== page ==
Green Anglicans is the Care for Creation movement of the Anglican Church. Starting in Southern Africa in 2004, it has now spread to Central and East Africa. The movement is part of the Anglican Communion Environmental Network, and we are accredited to attend UNEA and other UN conferences through the Anglican Consultative council (ACC).
The movement is based on three key steps: spirituality, then local action, then advocacy. Faith communities often start their environmental work with local action or advocacy, but don’t help people to make the link between these actions and their faith. So we end up with a few activists or a “green team,” but the DNA of the churches has not changed.
The starting point for our work is in spirituality based on Care for Creation. We run eco-theology workshops and eco-retreats with clergy, and have developed an online course on Eco-theology. Former president Nelson Mandela said, “if you speak to a person in a language he understands you speak to his head, if you speak in his mother tongue you speak to his heart.” If we want to root our environmental actions in spirituality, we need to use terms that resonate with our faith language.
So we don’t speak about environmental work, we speak of caring for creation; instead of “ecosystem restoration,” we speak of renewing the web of life.
One of the most important things for us has been the adoption of the month of September as the Season of Creation, a growing ecumenical celebration ( www.seasonofcreation.org ), which means that for five weeks of the year the church can focus on the scriptures that deal with land, water, biodiversity, etc. For example, there are 722 verses in the Bible that talk about water, but to hear a sermon about water is rare!
We provide resources including prayer and sermon notes for World Environment Day and World Water Day, and partner with others to provide weekly sermon notes on the website www.sustainable-preaching.org.
There are seasons of the year that are very helpful to begin encouraging lifestyle changes. Lent, in particular, is a traditional period when people abstain from certain foods or drink. We have adopted a Lenten fast for the planet each year, and encourage 40 daily actions committing to a reduction in use of plastic, water, meat, electricity, etc.
The leadership of young people is very important in our movement — this is their world and their future, and the strategies for change need to come from them. For children and the young, we have a course called Ryan the Rhino Sunday School (http://www.greenanglicans.org/wp-content/uploads/2013/08/CARING-FOR-CREATION-RYAN-THE-RHINO.pdf) and a Care for Creation manual (http://www.greenanglicans.org/wp-content/uploads/2019/05/care-for-creation-youth-manual-1.pdf).
The basis of the Green Anglican movement is spirituality and moving from there to local actions. As the saying goes, “act local, think global.” We need to start within our own context — family, home, local church, local community.
The movement spans both mega-cities such as Johannesburg and remote rural areas, so actions will differ depending on the area. Cities tend to focus on mitigation; rural areas on adaptation.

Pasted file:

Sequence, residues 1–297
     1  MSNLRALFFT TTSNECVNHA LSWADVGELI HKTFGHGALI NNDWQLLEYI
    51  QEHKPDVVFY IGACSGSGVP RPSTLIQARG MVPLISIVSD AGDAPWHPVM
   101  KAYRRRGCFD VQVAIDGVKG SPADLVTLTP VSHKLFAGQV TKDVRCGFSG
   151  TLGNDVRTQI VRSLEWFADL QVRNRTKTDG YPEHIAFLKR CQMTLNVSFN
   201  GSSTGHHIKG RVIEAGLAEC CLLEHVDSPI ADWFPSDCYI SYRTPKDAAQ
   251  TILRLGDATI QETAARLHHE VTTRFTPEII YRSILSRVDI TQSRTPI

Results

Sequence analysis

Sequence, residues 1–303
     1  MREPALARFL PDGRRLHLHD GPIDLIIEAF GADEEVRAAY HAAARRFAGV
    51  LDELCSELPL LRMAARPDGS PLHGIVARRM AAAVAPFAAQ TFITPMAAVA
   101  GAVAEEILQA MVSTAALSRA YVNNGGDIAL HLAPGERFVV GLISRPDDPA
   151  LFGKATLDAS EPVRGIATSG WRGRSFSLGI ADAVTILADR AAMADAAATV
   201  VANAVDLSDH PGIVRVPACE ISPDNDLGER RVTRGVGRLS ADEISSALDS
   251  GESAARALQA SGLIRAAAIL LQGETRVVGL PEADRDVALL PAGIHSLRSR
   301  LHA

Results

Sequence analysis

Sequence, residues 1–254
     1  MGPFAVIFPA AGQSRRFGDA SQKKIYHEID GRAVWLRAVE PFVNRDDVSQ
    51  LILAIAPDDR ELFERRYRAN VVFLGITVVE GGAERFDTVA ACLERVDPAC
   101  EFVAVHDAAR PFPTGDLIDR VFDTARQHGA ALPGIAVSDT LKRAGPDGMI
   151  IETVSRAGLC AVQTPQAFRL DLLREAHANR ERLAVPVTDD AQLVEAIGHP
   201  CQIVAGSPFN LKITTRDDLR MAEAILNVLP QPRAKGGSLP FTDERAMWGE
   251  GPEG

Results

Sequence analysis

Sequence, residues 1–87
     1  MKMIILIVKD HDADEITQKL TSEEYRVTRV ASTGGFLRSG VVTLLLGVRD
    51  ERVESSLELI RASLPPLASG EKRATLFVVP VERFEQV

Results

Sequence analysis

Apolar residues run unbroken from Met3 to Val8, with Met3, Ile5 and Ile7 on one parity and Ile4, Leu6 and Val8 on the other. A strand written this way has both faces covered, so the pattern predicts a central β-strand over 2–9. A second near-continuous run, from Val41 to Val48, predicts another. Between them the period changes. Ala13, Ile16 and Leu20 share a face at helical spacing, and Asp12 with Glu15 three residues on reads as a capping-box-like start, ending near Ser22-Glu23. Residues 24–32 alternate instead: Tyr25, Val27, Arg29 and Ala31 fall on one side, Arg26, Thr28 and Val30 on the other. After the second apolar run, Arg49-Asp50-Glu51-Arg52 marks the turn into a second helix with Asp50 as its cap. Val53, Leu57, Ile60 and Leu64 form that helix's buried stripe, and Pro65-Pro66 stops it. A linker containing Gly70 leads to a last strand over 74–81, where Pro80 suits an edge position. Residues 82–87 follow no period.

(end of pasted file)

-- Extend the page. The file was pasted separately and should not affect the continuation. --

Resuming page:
For example, city parishes will fundraise for a water harvesting tank, replace the priest’s water heater with a solar geyser, change all light bulbs to energy-saving ones, set up a recycling scheme. Whereas a rural parish might plant trees, dig a water-saving dam, teach home gardening techniques to the Mothers Union.
Some especially creative ideas have included:
Transformational change doesn’t take place when individuals change, but when networked individuals change. Because of this, social media has been very important for us; we now have over 50,000 on our Facebook page. We can share stories, encourage others, and help people to feel that their actions are significant because, when joined together with all the other actions, those drops make an ocean!
With spiritual roots and local actions, the church can take on issues of advocacy at local, regional, and international levels.
Single-use plastic is a huge problem everywhere across Africa. The Mothers Union passed a resolution not to use styrofoam at its events. Some dioceses have passed a ban on use of plastic water bottles at church event. But alone, this is not enough. We have to get involved in bans on single-use plastic. First, Green Anglican Malawi was part of a campaign to get single-use plastic banned. But when the implementation was poor, they also had to campaign again to have the ban implemented.
Individuals reducing their use of electricity and petrol is not enough; we need advocacy to speed up the transition to renewables. Divestment from fossil fuels has been an important part of our strategy. Although the Church’s investment funds are not large, this sends a strong message that we can no longer make a profit from fossil fuels. We also advocate for halting new fossil fuel projects, campaigning to stop the South African banks who were funding a new oil pipeline in East Africa, for example. Currently, we are standing in solidarity with the people of Northern Namibia who are threatened with oil drilling by Canadian Company ReconAfrica. We have mobilized faith leaders across Southern Africa and Canada in a campaign to get the drilling halted.
Environmental Coordinator of the Anglican Church of Southern Africa
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